• What is The Power Trying to Say?

    Without the Novel’s Allegorical Framing, the New Adaptation Feels Like a Hollow Empowerment Fantasy

    It is an exceedingly grim time to be a woman on Earth.

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    It’s grim for the young; it’s grim for the grown. It’s grim for Black women and Hispanic women and AAPI women. It’s grim for Indigenous women, and for women seeking asylum. It’s grim for poor women (especially if they’re mothers on welfare) and for women who are queer (especially if they’re bisexual). It’s increasingly grim for those in the US who either don’t want to or can’t safely give birth—and it’s just as mountingly grim for those who desperately do. (And for Black women, multiply that grimness by a factor of three.)

    It’s grim for trans women (and especially trans girls): The Equality Federation is currently tracking 362 anti-trans bills across the US; trans and gender nonconforming cis women are being singled out for exclusion from athletic competition; and in 2022, about 95 percent of the trans and gender nonconforming victims of murder globally were trans women or trans feminine people.

    (Meanwhile, America’s paper of record continues to commit such an outsized portion of its editorial resources to inflammatory anti-trans talking points that its coverage is regularly cited in ongoing anti-trans legislative campaigns.)

    It’s grim for women who are fat. It’s grim for women who are famous. It’s grim for women who work in call centers and in (or around) sports and in politics (both in the US and around the world).

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    It’s all just… grim.

    It’s not so surprising, then, that Prime Video’s adaptation of The Power—which was written, directed, and produced by a majority female creative team—reads like a cathartic power fantasy aimed at the billions of women whom 2023 is so violently failing.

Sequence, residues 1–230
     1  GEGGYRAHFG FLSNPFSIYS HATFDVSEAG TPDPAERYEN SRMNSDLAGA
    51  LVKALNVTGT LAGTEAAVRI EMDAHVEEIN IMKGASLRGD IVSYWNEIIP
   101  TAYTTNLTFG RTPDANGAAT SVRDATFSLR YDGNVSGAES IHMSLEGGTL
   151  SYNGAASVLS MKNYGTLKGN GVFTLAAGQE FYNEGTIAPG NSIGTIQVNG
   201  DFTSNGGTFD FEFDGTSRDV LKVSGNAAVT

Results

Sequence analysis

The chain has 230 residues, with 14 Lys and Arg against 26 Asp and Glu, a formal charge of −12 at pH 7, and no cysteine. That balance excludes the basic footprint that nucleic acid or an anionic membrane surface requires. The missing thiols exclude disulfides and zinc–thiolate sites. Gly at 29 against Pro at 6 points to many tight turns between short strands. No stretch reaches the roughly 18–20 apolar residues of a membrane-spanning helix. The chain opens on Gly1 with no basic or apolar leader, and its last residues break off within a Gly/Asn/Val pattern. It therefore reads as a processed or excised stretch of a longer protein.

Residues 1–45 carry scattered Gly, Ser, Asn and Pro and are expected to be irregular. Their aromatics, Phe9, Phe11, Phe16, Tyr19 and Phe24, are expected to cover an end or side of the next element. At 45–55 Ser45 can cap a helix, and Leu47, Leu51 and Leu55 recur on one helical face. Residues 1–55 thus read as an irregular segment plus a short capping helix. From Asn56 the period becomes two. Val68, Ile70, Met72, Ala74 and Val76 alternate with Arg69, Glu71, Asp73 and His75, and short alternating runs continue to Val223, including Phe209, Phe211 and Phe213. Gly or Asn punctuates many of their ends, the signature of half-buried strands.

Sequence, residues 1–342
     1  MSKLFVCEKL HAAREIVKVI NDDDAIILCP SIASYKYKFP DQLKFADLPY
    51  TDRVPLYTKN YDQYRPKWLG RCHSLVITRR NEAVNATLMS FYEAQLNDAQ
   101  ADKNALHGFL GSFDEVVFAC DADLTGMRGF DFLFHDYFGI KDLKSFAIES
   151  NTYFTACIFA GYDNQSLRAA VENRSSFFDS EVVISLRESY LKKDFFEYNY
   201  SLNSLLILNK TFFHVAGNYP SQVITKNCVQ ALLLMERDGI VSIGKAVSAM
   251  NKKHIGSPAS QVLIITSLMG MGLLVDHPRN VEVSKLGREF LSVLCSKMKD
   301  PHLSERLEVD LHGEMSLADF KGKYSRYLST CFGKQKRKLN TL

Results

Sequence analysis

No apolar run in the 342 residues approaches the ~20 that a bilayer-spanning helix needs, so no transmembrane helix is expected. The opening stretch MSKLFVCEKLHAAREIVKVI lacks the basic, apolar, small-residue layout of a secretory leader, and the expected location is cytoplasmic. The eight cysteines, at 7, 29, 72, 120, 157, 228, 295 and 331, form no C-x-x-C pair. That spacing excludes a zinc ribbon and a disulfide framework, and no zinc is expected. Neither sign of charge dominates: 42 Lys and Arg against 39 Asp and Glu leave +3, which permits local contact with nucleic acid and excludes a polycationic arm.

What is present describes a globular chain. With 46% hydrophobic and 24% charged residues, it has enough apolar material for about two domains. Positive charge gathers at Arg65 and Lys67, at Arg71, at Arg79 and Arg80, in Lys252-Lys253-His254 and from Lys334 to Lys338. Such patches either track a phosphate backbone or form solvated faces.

Here’s mother-of-three Seattle mayor Margot Cleary-Lopez (Toni Colette), struggling not just to be present as parent and spouse while running a large American city, but also to perform her job with enough femininity that the men in power around her—Josh Charles’s sexist state governor Daniel Dandon, in particular—continue to take her seriously.

    Cathartic, right? the series all but stops in its tracks to ask the audience every time its lead characters take another empowering step.

    Here’s Jos (Auli’i Cravalho), Margot’s disaffected teen daughter, alienated by her classmates and her family in equal measure, incapable of finding joy unless she’s trolling her mom’s social media comments or blasting Olivia Rodrigo and Dora Jar through her headphones loudly enough to drown out the world.

    Here’s Roxy Monke (Ria Zmitrowicz), the working class secret half-daughter of a London mobster, left out of the family business in favor of her harebrained half-brothers.

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    Here’s Tatiana Moskalev (Zrinka Cvitesic), a former child bride/almost-Olympic gymnast, now First Lady of a fictional Central European country, beaming vacantly alongside her vicious boor of a husband as he doles out death sentences to just about any class of woman he can think of.

    Here’s Allie (Halle Bush), a Black teen who’s spent her life bouncing around the foster system in the American South, who’s now experiencing selective mutism after years of being raped by her aggressively white, aggressively Christian foster father.